This article argues that CM Callow Inc v Zollinger was wrongly decided, and that the Supreme Court of Canada unnecessarily expanded the duty of honest contractual performance established in Bhasin v Hrynew. In this decision, the Supreme Court applied a contract law analysis to a fact scenario that did not entirely call for it. This is to say that the contract that Mr Callow hoped to incentivize through freebie work never came into existence, so it should not have been assessed through the lens of the duty of honesty. This article argues that this approach was erroneous, given Canadian contract law’s strong stance against imposing pre-contractual duties of good faith. While the article agrees that the duty of honesty was applicable to the ongoing contract between Mr Callow and Baycrest, it submits that the tort of negligent misrepresentation should have addressed Baycrest’s statements in relation to the potential future renewal. Such an analysis would have allowed for greater clarity in Canadian contract law, and it would have allowed for a more pronounced dividing line between contracting parties’ disclosure obligations and the duty of honesty. As a result, this article predicts that the Supreme Court’s decision will perpetuate confusion in the law pertaining to good faith and contracting parties’ disclosure obligations. Further, this decision is likely to have a chilling effect on contracting parties’ communications, given the justified fear of painting a misleading picture for the other side vis-à-vis potential future endeavours.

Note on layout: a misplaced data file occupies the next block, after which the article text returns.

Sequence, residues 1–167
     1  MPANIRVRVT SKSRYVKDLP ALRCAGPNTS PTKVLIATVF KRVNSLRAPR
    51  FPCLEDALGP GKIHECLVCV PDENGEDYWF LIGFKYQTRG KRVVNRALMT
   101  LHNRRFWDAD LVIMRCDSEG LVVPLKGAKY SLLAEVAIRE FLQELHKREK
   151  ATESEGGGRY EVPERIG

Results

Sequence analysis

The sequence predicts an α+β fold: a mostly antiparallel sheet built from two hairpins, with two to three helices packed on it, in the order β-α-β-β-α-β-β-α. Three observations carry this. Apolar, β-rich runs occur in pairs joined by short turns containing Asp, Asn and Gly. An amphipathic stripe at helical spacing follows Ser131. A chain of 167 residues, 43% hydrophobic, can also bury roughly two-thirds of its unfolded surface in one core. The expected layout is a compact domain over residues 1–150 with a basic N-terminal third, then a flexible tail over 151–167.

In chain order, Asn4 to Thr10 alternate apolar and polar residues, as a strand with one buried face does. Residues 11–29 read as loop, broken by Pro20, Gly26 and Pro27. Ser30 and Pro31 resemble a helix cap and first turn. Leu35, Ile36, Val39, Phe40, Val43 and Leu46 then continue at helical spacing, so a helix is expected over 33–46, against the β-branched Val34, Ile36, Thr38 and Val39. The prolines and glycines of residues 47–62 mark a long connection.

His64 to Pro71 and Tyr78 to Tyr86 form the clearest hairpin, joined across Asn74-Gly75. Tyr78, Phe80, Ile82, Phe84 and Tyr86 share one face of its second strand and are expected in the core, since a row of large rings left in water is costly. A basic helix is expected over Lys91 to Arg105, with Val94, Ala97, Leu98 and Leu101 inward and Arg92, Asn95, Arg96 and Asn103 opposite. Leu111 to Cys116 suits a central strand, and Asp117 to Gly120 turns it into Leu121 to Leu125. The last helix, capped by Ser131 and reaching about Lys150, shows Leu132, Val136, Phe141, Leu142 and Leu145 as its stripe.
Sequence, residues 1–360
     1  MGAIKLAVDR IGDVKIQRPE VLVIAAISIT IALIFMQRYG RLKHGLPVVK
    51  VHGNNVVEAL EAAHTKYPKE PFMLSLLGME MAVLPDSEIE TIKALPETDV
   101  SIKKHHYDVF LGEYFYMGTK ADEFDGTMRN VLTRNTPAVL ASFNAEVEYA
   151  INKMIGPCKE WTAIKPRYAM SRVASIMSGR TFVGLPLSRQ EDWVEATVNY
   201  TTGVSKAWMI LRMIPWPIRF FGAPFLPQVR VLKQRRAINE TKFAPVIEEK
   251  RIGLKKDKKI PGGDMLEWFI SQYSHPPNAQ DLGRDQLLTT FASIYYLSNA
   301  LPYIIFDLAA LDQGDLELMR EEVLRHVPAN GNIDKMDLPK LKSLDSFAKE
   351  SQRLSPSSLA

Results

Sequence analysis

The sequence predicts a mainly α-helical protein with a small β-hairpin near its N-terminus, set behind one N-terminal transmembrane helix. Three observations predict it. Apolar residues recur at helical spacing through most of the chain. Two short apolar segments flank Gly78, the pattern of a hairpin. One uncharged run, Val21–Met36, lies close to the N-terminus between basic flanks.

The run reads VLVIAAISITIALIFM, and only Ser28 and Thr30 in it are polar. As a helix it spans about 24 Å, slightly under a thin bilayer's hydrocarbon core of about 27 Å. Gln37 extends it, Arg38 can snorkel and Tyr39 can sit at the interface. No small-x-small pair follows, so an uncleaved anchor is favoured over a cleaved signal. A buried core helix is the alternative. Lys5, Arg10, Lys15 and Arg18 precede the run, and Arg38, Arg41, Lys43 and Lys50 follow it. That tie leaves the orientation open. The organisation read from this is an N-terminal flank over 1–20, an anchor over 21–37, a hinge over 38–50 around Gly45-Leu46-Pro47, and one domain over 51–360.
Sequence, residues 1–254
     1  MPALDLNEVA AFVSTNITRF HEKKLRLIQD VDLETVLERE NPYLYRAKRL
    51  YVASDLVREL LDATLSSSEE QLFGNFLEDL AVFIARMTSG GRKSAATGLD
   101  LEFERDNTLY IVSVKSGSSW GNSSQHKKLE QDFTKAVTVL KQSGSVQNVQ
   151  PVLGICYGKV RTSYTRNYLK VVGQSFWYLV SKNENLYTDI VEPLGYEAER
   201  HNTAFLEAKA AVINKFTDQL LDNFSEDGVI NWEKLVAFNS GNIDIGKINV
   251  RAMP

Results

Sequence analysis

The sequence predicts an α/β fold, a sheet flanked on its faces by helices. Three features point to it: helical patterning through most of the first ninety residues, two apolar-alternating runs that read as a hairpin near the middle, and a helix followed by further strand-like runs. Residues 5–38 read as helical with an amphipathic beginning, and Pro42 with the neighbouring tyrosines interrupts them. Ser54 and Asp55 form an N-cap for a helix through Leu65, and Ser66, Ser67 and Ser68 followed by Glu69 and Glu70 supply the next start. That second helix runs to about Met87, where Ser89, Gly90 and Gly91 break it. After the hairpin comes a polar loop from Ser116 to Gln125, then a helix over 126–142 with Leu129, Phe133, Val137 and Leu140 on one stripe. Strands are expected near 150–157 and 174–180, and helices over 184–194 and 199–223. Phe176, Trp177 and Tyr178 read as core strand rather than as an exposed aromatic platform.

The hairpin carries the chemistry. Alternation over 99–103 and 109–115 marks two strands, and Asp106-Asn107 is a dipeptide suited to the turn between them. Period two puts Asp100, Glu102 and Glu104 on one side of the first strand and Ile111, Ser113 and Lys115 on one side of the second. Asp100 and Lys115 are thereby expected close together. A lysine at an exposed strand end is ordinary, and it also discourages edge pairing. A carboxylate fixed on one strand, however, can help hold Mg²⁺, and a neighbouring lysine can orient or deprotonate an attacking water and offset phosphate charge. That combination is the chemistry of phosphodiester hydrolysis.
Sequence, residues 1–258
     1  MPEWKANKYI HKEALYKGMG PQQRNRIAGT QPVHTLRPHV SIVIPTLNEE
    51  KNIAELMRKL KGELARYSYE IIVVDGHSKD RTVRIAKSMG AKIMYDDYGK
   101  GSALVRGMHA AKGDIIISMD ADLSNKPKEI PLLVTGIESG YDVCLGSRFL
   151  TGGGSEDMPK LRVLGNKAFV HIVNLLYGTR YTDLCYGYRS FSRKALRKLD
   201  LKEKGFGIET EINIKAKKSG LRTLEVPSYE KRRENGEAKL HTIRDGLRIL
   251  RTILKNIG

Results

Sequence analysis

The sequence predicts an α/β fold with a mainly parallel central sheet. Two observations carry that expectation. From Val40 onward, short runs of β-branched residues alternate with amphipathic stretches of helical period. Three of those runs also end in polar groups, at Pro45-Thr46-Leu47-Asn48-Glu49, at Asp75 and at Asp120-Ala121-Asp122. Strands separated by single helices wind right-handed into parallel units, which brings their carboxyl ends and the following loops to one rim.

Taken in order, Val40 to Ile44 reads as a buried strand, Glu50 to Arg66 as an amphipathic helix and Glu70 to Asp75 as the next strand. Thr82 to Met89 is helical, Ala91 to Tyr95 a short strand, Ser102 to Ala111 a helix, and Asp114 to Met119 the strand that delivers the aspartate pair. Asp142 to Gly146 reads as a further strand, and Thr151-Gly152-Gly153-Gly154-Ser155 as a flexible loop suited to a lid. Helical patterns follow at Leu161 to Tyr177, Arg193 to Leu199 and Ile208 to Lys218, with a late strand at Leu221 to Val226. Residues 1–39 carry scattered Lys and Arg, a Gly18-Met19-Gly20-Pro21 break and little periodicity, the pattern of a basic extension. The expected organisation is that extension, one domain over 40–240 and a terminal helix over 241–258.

Vanessa Di Feo, CM Callow v Zollinger, Reconceptualized Through the Tort of Negligent Misrepresentation (2022) 27 Appeal: Review of Current Law and Law Reform 103.